Last, the production value of instructionals has increased over the years. As Modern BJJ has evolved so has the quality of the BJJ instructional. These courses are not your 1990s martial arts VHS tapes, or heck, even early 2000s DVDs for that matter. These days, you can expect that a course will offer good sound, lighting and editing to enhance the learning experience.

Disadvantages to learning BJJ with video instructionals

There is no substitute for learning in a real life setting. You could watch every BJJ video online and still not improve one iota if you never practice the techniques in real life.

The main disadvantage with learning BJJ by instructional is that you cannot receive live feedback. Yes, a training partner can help, but unless they are a coach or higher level belt, you won’t know if you are doing the techniques properly.

How to best learn with a BJJ instructional

Here are three tips for learning BJJ by DVD or with a subscription online.

First, alway have a training buddy. This will emulate actual training like at your gym.

Learning by yourself is tough. And since BJJ is done against an opponent you are missing half the equation if you are just watching a DVD or course by yourself. Find a training partner and watch the material together. This is the most practical way to get better.

Second, review what you learned on an instructional in your actual class. Find time after a training session to put your new techniques or approach to the test. This should sound simple, but you need to practice these techniques just like everything else you learn from your actual profesor.

Third, take notes! If you take notes during your actual BJJ class this should be a no brainer. Taking notes helps reinforces concepts. Approach the video lessons as you would a normal academic course. Write down what you learn and then try to summarize the principles. Of course, BJJ is not a writing sport, you must eventually practice on the mat!

Conclusion

BJJ is a sport that takes time to learn. Learning online can help speed up this process, but it must be used in conjunction with your real life training, not against it. Stay focused and study with a goal in mind.

 

History of East Asian Martial Arts: Week 7 – Buddhism and Martial Arts — Kung Fu Tea

Introduction I have noticed a persistent tendency by some to strive to maintain an artificial barrier between the physicality of martial arts practice one the one hand, and the myriad ways it is discussed in literature, film and popular culture on the other. Typically this is articulated as a frustration with the inability of the […]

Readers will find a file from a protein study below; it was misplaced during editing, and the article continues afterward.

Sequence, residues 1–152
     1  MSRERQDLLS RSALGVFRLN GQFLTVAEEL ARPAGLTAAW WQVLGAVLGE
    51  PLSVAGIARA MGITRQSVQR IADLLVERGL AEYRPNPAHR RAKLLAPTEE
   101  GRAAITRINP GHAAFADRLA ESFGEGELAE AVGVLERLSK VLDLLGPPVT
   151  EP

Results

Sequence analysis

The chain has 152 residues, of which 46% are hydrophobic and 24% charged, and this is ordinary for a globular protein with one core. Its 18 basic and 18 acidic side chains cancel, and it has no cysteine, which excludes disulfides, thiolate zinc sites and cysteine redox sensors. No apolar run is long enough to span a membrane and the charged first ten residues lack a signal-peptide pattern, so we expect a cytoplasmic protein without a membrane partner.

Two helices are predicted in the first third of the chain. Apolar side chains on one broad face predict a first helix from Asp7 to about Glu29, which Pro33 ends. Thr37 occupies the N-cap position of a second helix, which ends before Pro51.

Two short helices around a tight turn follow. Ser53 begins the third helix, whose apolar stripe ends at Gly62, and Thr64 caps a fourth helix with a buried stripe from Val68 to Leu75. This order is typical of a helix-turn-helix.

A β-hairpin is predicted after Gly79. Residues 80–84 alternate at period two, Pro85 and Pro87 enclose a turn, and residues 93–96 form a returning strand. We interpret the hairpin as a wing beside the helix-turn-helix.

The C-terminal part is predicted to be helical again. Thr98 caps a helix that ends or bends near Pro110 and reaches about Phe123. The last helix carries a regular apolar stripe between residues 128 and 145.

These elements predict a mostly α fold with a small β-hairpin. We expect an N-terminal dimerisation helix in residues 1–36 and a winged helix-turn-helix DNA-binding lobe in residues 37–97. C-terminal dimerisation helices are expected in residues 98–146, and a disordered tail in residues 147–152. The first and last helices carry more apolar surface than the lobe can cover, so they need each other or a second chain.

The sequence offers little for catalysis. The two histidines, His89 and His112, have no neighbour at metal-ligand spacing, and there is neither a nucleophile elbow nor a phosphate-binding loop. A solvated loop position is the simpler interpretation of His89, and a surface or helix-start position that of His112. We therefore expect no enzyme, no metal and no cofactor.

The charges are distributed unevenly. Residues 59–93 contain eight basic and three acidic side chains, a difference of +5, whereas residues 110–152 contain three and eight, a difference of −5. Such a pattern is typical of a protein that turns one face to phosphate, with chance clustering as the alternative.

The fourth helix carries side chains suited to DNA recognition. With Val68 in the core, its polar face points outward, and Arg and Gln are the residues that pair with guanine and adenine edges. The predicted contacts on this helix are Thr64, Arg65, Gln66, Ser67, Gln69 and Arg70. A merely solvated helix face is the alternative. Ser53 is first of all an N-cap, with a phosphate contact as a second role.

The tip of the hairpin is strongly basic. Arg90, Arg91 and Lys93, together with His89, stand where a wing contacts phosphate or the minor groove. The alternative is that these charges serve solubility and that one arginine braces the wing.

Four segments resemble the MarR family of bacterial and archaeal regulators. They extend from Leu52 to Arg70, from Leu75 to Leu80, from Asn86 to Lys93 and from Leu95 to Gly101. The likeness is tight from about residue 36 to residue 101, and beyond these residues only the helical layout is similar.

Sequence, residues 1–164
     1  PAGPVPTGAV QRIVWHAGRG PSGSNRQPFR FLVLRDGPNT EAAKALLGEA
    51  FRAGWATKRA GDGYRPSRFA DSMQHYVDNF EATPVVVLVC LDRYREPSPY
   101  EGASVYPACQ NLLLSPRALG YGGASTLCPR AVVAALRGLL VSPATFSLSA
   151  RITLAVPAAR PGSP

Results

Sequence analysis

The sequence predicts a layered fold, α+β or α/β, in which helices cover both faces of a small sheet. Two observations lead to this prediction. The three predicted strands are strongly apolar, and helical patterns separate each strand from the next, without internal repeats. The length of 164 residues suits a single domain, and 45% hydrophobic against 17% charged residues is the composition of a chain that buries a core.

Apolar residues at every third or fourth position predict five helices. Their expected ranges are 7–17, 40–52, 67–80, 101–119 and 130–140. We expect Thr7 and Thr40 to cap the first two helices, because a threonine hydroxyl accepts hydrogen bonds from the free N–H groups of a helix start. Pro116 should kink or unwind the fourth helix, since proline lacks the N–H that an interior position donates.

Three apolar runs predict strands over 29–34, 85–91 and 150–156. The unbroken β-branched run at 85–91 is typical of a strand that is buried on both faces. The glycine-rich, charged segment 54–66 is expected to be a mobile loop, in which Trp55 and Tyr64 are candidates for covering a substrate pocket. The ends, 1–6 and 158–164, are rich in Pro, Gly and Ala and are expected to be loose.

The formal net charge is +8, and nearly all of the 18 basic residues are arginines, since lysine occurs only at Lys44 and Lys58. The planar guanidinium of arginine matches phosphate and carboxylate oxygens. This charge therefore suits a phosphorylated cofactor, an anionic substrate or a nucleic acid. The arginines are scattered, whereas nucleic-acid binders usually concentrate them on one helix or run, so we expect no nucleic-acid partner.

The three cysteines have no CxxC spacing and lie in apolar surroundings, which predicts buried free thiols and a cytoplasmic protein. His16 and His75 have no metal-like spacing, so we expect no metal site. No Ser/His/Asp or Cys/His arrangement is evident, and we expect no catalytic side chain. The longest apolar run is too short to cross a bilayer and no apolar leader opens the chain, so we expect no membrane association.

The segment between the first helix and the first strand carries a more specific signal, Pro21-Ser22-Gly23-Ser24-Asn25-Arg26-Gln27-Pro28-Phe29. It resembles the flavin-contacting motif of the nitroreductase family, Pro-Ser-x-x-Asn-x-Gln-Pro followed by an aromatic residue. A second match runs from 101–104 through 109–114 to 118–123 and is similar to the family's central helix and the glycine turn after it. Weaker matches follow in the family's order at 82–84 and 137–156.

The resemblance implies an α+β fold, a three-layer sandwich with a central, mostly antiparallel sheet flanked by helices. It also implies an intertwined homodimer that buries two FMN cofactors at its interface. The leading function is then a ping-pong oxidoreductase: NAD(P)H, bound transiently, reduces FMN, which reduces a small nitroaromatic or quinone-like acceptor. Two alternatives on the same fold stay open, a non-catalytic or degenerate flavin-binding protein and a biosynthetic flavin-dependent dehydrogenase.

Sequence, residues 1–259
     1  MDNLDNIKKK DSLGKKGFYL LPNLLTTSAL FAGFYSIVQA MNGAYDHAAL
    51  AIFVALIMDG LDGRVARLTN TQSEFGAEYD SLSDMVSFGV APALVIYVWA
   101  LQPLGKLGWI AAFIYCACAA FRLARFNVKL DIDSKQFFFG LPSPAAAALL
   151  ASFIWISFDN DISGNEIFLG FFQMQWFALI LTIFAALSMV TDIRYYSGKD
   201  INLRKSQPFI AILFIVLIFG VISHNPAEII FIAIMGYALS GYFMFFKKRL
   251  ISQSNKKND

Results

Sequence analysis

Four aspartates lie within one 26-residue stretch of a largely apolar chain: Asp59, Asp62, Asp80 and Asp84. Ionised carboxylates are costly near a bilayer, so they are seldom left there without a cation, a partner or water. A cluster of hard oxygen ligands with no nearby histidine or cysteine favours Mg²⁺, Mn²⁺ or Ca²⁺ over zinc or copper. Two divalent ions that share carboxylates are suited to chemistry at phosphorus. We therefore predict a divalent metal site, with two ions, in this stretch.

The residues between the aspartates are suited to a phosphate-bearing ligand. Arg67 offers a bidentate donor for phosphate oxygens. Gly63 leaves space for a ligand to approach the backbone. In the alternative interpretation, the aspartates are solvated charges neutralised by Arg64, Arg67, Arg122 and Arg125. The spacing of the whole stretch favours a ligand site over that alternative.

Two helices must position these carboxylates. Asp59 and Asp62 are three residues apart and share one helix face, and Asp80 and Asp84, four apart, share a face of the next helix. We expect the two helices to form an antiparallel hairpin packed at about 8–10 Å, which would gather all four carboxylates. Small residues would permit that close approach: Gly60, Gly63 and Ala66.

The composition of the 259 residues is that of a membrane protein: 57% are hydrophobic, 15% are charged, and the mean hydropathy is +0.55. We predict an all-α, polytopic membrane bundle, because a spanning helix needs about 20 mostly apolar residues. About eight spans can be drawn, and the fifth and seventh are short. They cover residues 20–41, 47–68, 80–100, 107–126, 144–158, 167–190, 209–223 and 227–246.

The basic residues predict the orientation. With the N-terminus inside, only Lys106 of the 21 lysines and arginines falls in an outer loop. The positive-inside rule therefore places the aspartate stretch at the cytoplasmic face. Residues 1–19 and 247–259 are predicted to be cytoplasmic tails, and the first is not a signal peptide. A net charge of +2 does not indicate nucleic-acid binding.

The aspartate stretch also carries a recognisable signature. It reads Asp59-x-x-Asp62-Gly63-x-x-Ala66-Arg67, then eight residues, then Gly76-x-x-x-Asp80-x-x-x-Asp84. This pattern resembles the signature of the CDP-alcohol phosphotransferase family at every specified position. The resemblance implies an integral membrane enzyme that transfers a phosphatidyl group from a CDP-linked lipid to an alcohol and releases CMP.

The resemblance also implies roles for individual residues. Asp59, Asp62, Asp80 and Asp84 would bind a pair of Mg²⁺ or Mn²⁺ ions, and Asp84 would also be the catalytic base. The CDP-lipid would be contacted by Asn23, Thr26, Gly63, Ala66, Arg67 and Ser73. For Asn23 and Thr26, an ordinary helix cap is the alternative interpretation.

via History of East Asian Martial Arts: Week 7 – Buddhism and Martial Arts — Kung Fu Tea

SHAOLIN MIZONG LUOHAN — Brennan Translation

– 少林迷蹤派羅漢拳 SHAOLIN MIZONG LUOHAN BOXING 潘茂容 葉雨亭 by Pan Maorong & Ye Yuting [published by the 健民國醫學院 Strengthen-the-People National Medical School, April 4, 1955] [translation by Paul Brennan, June, 2019] – 少林迷蹤派羅漢拳 Shaolin Mizong Luohan Boxing 葉雨亭演式 performed by Ye Yuting 潘茂容攝影刷線說明并題 – photos, drawings, explanations, and calligraphy by Pan Maorong – 潘序 PREFACE BY […]

via SHAOLIN MIZONG LUOHAN — Brennan Translation

Rome wasn’t built in a day

TIME AND TIME AGAIN…

by Phillip Starr

The cathedral at Chartres, France took more than a hundred years to build. A whole century! That means that the stonemasons who laid the foundation did so knowing full well that they’d likely never see their work completed. In fact, I’m quite certain that the architects who designed and supervised the work must have realized that they wouldn’t live to see it finished. I like to consider things like this while I’m standing in the checkout line at the supermarket… I understand that the difference between me and these builders from long ago is considerable – not just in terms of the times that’s elapsed between the age in which they lived and the one in which I now live, but also by our vastly disparate concepts of time.

Prior to our modern age, people measured time differently than we do. As little as a hundred years ago, consider the time it’d take you to get a loaf of freshly baked bread (if you’re planning on having it with tonight’s dinner). It’s probably just a matter of minutes to the nearest bakery from which you can buy bread that’s come from mechanically processed grain, machine milling and mixing, kneading, baking, and packaging. As little as a hundred years ago, this all had to be done by hand! So when I say, “I need to get some bread”, I mean something different than what my ancestors meant when they spoke those same words.